Since launching Charlotte’s 1st mentorship mission 2 years ago, I have had the life-changing opportunity to listen & learn from thousands of women. Some fascinating trends have emerged from those conversations, like who & when we most directly benefit from mentorship.
I often think back to my own experiences with this one. I was a high school senior in the Midwest determined to pursue public relations.
Now, did I know anyone in PR?
Did I understand what the work entailed? Or what a PR career may look like?
Had I ever set foot in a PR firm?
Are you kidding me?!? My hometown’s population was 954. I knew, or was related to, everyone in the community! Starting an effective PR campaign meant channeling the local grapevine.
We must better prepare young people for the careers they are about to sink thousands of dollars into pursuing.
In the form of mentorship, this comes as exposure—introducing young women to jobs, women, and career paths early & often. This includes the majors she is interested in, and especially the ones she has no idea even exist.
The most striking example of this type of mentorship comes from a young woman whom had just entered her first “real” job. We met for lunch, and she shared with me that she had a very helpful mentor.
When I asked what type of mentorship was offered, I expected the response to be a leadership or growth opportunity. Instead, she responded that the mentor took the time to teach her how to craft a professional email.
Higher education prepares us for a trade or industry. It doesn’t do enough to prepare us to work—how to be an employee. There are so many skills like business communication, time or self-management, task & project organization that we enter our first job struggling to develop.
Finding a mentor who has mastered & can teach those skills saves years of heartache and painful lessons.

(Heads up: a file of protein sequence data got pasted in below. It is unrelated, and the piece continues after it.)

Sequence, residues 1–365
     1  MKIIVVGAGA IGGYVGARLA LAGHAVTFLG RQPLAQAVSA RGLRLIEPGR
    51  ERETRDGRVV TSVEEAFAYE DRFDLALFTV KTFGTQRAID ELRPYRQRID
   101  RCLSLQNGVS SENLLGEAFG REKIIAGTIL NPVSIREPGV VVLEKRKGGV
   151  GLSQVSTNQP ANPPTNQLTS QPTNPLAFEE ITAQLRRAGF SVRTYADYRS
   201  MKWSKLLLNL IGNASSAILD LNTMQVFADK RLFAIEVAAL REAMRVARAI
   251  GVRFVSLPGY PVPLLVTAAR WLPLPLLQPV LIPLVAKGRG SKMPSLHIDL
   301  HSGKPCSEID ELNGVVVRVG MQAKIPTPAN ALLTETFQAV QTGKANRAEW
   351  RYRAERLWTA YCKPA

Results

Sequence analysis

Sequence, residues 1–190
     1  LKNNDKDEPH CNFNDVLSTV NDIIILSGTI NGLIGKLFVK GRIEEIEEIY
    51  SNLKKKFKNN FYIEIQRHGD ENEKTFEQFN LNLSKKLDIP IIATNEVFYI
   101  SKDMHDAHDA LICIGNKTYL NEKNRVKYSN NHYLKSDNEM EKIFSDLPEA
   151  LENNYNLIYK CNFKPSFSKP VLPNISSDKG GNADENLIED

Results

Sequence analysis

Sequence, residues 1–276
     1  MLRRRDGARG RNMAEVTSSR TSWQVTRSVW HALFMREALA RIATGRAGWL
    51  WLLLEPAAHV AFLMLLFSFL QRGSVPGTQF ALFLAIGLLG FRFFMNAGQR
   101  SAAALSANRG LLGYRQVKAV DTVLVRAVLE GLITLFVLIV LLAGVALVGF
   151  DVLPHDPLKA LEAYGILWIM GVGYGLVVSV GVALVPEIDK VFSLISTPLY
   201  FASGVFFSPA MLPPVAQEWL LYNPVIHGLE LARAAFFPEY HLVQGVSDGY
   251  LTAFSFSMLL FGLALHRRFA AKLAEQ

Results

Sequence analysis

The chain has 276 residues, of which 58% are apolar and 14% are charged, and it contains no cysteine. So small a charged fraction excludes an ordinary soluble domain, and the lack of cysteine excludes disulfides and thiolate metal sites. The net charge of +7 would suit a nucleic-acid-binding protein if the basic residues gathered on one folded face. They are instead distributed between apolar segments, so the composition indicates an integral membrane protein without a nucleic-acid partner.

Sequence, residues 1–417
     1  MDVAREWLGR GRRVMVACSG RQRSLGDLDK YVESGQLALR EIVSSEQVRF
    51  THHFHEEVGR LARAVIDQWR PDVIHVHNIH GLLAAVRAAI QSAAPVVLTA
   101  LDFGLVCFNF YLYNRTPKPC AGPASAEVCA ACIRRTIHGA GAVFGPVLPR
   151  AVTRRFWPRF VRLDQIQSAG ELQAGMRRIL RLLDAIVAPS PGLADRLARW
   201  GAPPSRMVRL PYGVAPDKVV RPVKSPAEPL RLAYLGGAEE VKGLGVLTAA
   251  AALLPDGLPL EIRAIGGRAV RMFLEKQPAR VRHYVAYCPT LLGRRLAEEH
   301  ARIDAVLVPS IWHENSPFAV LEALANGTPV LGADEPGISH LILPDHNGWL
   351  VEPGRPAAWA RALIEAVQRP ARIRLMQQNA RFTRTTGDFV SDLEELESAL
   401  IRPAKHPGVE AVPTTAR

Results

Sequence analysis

This stage is by far the most common among the women I have encountered. It usually creeps up about 3-5 years into her career. The woman has now developed an unique skill set, professional mindset, and approach to doing work. She is armed with skills, tools, and a network.
Often she likes her job…and for the most part, the company around her. But yet, she can’t imagine doing it every day for the rest of her career.
She is professionally unfulfilled.
These women may not know it, but they are in pursuit of a passion-fueled mission or purpose. They are searching for meaningful work.
To most effectively navigate this phase, the woman must inventory what she has already experienced. This includes the skills acquired, natural talents, innate interests, available tools—and apply as many as possible to what she’s passionate about. It may take shape as a passion-fueled hobby, side project, or perhaps a professional pivot.
Female mentorship provides us examples of women who have already connected these dots and how they did it.
This phase became apparent thanks to some forward-thinking companies. The leaders approached me understanding that they needed to invest in their future female leaders. I’ve seen this phase emerge most for women in STEM, or other male-dominated industries or businesses.
Women who see few female leadership examples ahead of them don’t see their own career advancing within that company. CNBC reported earlier this year that “80% of women would leave a company for one that offered better gender equality.“
Developing female mentorship programs within those organizations & industries is crucial to building diverse future leadership.
The best way to create these programs is to have a real discussion about what the future of the company looks like, what leadership skills will be needed to get there, and inventory the current available talent. Determine what you must hire or develop now to be the future state organization.
Most of us don’t know “what we want to be when we grow up” or how to get there. We discover it one step at a time…or with a little help from generous mentorship.